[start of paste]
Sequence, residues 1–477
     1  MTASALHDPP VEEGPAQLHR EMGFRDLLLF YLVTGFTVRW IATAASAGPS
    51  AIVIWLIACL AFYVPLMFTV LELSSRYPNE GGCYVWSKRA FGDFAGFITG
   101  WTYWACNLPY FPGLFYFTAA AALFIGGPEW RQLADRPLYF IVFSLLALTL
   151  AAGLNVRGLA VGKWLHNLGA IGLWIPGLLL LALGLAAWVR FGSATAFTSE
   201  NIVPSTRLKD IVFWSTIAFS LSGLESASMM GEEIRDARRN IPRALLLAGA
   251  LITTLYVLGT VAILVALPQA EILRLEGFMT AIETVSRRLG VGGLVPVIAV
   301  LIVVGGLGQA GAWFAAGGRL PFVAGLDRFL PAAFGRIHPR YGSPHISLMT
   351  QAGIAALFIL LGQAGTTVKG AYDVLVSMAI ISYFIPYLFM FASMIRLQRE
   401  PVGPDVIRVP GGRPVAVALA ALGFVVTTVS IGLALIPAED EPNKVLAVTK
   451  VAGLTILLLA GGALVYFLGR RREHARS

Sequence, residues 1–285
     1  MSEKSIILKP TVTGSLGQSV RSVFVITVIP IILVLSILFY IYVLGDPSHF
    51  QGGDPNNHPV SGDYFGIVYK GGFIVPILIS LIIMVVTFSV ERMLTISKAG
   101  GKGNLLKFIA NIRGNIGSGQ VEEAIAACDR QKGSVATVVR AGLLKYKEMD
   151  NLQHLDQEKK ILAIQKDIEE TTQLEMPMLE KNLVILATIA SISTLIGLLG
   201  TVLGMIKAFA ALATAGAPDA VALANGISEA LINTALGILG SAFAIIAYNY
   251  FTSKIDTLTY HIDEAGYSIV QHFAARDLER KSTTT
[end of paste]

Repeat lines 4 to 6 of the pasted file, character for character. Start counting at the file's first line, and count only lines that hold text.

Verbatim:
   101  WTYWACNLPY FPGLFYFTAA AALFIGGPEW RQLADRPLYF IVFSLLALTL
   151  AAGLNVRGLA VGKWLHNLGA IGLWIPGLLL LALGLAAWVR FGSATAFTSE
   201  NIVPSTRLKD IVFWSTIAFS LSGLESASMM GEEIRDARRN IPRALLLAGA